Stories from Summer Vacation: Brendan Gaughen Researches Place Collecting

In the last gasp of summer, here are a few words from Brendan Gaughen, who spent his summer taking several trips across the nation for his dissertation research –

I’m finally doing some dissertation research and did some traveling this summer to do some interviews and generally report on what I saw.  I’m looking at specific ways people interact with the places they visit and how some treat travel as a form of collecting, how technology facilitates or enables these practices, and the ways in which some of these practices can function as a sort of voluntary surveillance.

Geo-Woodstock, Lakeland FL

Geo-Woodstock, Lakeland FL

This is the largest annual gathering in North America for a community of practitioners of a GPS-based hobby called geocaching, in which people hide containers, post the coordinates online, and others go out and find them.  It’s pretty simple but some of these so-called “geocachers” take things to the extreme, turning the hobby into a full-time occupation.  There are more than 2 million geocaches hidden around the world, and an entire cottage industry has sprung up in the last several years catering to this community.  Geocachers often hide objects as a way to memorialize places they find significant, though non-geocachers (“muggles,” borrowing a term from Harry Potter canon to describe those without wizard powers) generally have no idea these containers exist.


Extra Miler Club Convention, Reno NV

This is the only formal annual meeting for this group of people with intentional travel goals, generally that of visiting all 3141 counties in the United States.  Many members document their accomplishments by taking a photograph of themselves at every county line sign; others attempt to do certain things in each state (such as play golf, eat at a Dairy Queen, etc).  I spoke at length with one couple who drove their RV through all 48 states in a very circuitous manner, stopping to get an envelope stamped at the post office in every county seat in the US, something that had to happen during business hours Monday thru Friday.  They had a page for each county with a postmarked envelope, self-photograph in front of the courthouse, and short write-up about what the town was like.  This personal archive totaled 20 binders, something I would love to explore in further detail.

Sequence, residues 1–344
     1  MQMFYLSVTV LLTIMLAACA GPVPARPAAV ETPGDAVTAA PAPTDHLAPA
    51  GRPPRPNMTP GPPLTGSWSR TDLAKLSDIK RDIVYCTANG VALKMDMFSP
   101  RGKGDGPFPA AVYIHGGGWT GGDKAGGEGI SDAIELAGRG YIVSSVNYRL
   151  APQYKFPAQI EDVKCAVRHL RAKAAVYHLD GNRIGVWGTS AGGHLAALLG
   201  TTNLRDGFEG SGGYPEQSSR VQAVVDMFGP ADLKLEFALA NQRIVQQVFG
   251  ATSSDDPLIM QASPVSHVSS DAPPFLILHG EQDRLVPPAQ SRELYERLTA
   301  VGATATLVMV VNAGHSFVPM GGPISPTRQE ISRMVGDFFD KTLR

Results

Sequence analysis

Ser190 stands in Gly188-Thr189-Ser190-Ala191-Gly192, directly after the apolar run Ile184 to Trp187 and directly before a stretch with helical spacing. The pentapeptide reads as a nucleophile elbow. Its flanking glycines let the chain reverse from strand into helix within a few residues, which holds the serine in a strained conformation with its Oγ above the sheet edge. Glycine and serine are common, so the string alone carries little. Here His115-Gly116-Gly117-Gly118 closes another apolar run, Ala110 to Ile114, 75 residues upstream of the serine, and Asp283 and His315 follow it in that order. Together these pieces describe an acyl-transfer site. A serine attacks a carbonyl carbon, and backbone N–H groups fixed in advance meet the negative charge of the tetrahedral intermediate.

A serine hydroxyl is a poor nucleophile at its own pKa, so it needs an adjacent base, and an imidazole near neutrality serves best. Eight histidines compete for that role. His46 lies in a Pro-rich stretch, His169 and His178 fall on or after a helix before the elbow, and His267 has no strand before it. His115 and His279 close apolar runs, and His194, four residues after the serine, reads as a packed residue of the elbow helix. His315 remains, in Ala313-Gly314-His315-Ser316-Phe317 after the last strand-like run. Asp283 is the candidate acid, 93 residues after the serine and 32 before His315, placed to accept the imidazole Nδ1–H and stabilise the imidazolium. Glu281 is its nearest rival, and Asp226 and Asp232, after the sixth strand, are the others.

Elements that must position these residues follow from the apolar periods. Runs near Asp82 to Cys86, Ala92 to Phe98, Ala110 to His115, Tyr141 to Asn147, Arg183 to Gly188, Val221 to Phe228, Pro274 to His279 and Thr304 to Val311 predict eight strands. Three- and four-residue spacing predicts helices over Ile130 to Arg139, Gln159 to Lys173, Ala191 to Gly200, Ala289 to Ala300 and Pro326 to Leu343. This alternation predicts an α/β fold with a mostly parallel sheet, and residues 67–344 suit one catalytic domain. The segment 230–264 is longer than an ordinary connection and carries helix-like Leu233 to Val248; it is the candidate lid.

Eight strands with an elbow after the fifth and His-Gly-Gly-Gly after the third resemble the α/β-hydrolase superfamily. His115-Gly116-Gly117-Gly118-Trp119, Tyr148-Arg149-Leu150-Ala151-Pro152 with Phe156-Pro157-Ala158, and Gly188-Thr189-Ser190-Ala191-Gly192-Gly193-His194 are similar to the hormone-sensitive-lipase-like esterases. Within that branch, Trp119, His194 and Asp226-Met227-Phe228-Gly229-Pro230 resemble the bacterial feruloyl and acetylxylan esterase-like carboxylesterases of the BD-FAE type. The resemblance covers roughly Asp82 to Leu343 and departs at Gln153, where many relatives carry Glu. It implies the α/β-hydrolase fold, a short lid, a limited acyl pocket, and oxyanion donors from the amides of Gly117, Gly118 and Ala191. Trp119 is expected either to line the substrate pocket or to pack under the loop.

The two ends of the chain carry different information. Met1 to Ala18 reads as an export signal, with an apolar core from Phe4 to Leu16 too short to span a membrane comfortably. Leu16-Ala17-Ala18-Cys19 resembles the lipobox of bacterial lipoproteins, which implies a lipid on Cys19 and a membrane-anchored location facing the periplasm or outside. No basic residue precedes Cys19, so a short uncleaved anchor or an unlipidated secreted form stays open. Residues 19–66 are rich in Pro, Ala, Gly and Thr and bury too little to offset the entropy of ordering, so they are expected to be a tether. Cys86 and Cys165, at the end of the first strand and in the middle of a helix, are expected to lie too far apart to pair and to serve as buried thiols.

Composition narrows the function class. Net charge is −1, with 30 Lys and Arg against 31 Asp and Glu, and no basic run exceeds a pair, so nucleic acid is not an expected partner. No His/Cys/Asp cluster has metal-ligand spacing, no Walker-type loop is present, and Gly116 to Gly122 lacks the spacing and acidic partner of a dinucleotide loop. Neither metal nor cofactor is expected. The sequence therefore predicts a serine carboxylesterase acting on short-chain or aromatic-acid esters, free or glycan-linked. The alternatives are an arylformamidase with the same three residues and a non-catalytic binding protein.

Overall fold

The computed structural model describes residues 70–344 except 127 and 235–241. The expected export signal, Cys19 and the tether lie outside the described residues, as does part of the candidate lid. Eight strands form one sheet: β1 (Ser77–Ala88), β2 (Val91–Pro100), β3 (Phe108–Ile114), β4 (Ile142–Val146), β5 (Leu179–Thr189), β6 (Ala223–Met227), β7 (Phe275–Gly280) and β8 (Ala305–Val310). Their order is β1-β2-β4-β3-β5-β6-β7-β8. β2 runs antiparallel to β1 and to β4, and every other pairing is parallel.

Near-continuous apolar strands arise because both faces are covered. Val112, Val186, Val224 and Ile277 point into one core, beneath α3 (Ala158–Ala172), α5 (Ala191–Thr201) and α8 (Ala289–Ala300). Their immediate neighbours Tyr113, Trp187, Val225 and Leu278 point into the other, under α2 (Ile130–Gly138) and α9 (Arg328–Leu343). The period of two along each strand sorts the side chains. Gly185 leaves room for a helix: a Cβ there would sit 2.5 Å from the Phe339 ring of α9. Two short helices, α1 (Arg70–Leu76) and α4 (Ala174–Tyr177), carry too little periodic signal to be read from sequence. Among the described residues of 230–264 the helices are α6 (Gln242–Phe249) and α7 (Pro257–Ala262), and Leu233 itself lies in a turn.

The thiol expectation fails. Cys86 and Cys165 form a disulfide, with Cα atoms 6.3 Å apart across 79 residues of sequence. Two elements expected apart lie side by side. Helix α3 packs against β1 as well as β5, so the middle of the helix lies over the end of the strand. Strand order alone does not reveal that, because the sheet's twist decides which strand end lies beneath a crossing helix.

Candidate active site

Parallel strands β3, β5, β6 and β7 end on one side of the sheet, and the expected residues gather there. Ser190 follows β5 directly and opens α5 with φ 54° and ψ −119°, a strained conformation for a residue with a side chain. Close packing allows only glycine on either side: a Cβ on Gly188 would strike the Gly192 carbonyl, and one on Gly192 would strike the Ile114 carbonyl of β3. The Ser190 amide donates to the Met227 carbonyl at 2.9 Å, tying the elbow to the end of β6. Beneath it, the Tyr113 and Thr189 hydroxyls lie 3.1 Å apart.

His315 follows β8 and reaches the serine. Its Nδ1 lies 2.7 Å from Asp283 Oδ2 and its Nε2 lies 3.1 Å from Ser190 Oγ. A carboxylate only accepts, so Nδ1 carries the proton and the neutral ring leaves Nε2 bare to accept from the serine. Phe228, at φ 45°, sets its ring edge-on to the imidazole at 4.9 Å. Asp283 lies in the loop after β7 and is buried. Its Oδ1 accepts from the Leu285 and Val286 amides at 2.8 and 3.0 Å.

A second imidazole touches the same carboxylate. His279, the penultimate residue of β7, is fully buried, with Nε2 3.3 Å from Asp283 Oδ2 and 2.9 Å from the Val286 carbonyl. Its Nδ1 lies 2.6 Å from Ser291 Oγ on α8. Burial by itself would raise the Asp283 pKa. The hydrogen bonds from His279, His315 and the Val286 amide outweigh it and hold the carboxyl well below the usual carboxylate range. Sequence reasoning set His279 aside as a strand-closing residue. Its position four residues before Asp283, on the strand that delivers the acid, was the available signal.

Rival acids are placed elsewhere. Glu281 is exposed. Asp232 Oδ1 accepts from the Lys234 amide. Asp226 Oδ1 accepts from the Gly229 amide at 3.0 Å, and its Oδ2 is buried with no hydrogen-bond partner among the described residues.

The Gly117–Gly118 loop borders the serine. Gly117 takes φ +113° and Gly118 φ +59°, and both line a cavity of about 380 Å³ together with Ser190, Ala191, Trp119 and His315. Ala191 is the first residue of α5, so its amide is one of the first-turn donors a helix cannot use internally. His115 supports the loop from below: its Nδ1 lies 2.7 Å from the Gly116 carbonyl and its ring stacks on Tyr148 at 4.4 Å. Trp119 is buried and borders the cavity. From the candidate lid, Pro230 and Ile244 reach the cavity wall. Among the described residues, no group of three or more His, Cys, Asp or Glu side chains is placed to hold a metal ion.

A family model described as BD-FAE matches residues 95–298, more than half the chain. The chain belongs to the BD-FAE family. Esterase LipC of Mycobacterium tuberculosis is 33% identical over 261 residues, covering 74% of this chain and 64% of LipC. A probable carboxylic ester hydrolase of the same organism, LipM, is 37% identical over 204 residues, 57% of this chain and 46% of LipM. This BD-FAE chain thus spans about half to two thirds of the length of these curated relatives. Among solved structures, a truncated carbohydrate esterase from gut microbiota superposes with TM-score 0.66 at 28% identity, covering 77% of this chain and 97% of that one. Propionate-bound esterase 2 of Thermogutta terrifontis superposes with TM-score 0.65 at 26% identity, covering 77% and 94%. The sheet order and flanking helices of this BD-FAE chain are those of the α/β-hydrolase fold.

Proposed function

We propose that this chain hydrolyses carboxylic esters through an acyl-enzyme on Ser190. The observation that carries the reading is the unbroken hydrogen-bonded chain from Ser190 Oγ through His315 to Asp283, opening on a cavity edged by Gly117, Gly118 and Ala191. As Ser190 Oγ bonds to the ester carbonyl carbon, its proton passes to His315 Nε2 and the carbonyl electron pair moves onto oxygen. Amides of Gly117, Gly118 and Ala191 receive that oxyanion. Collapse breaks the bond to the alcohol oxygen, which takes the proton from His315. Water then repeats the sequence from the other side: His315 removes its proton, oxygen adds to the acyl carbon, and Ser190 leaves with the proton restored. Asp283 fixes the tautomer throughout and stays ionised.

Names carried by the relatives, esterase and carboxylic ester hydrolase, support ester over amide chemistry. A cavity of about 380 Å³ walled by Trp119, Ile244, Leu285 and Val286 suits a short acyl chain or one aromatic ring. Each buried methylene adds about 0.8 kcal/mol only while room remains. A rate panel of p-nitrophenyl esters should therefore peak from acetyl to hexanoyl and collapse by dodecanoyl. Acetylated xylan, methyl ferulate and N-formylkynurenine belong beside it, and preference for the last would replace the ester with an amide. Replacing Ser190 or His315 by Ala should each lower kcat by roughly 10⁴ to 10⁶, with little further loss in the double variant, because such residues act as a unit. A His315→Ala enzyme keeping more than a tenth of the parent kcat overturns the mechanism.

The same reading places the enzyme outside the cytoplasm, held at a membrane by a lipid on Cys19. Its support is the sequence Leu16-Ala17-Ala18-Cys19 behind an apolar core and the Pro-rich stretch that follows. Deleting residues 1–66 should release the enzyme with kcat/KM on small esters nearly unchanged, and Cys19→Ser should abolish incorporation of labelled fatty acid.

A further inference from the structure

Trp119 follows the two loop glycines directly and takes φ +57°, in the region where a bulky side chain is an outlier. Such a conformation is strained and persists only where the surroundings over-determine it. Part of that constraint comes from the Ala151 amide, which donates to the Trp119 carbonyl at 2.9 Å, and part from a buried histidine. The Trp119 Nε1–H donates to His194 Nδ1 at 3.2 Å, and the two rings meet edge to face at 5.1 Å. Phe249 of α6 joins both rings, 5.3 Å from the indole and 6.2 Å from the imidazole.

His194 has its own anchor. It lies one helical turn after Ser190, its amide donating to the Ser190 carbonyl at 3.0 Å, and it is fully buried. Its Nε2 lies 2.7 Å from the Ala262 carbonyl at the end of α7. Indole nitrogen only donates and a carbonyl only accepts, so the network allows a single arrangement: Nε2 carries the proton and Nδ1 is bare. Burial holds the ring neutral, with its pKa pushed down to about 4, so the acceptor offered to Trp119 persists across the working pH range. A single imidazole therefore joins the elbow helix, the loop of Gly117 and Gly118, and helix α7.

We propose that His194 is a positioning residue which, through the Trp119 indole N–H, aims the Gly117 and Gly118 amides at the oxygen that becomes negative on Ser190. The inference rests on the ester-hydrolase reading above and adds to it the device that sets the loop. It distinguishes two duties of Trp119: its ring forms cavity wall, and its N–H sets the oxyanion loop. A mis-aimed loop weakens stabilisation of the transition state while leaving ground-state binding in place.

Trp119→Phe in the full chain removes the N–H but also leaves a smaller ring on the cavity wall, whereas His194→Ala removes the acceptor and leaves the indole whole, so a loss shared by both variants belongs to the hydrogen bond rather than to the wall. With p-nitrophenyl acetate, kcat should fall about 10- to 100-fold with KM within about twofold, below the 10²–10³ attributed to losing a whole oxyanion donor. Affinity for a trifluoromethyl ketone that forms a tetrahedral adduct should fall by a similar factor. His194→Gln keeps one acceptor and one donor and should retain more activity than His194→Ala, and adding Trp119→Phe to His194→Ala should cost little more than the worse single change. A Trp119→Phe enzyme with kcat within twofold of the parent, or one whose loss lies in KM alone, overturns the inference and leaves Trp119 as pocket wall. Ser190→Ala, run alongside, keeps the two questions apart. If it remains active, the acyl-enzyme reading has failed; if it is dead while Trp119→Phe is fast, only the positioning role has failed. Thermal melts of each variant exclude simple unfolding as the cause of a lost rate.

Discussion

Lincoln Highway centennial celebration, Kearney NE

The Lincoln Highway was the first transcontinental highway built in the United States and Kearney is the closest city to the highway’s midpoint (it ran between New York and San Francisco).  A few dozen vintage autos started at either end of the highway and met up in Kearney, so the town was temporarily saturated with Packards, Ford Model A’s, and more cars my dad can more easily recognize than I can.  Aside from witnessing a lot of nostalgia for archaic forms of automobile tourism, I attended some presentations about the history of the current incarnation of the Lincoln Highway Association and its 12-year long effort to map every iteration of the entire route – over 5,000 miles counting all the bypasses, realignments, and modernizations of the route.  Some Lincoln Highway devotees wish to travel as many miles of the original route as possible, and at one stop on our bus tour I watched about 100 people feel compelled to walk a 500-foot stretch of century-old concrete, an original 1913 section of the Lincoln Highway.  I was BY FAR the youngest person there, so it seems this [firsthand] nostalgic feeling toward the Lincoln Highway, and postwar road culture in general, may be in danger of disappearing altogether.


I made many contacts and took extensive notes at all three of these events, which, once I tie in a theoretical framework, will be beneficial for a couple chapters of my dissertation.  I still have to decide how to approach writing about these groups and their members, but these trips have resulted in a ton of raw data, photographs, and interview notes.  Being in these places reminded me that America is a big, fascinating, and complex place, and that there is a certain joy to discovering, interpreting, and complicating aspects of American culture.

Undergrad Research: This Mongolian Life

The following post comes to us from Stephanie Kovanda, a recent graduate of the program in American Studies here at UT Austin. Since graduating from UT, Stephanie has been working as a Peace Corps volunteer in Mongolia. Many thanks to Stephanie for sharing her story with us!


March 16, 2011, 6:13 PM

I receive a text from a friend staying at my place in Cedar Park, Texas. “A package just arrived… something about Peace Corps?” This is the invitation I have been waiting for since I began the grueling application process nearly a year ago, an invitation I’ve been waiting for since I was seven years old. And of course, I have just started my 6-hour shift volunteering at a South by Southwest venue. The details of the next two years of my life will have to wait until the final band finishes their set and all amps, cords, and instruments are transported back to their designated vans.

March 17, 2011, 3:28 AM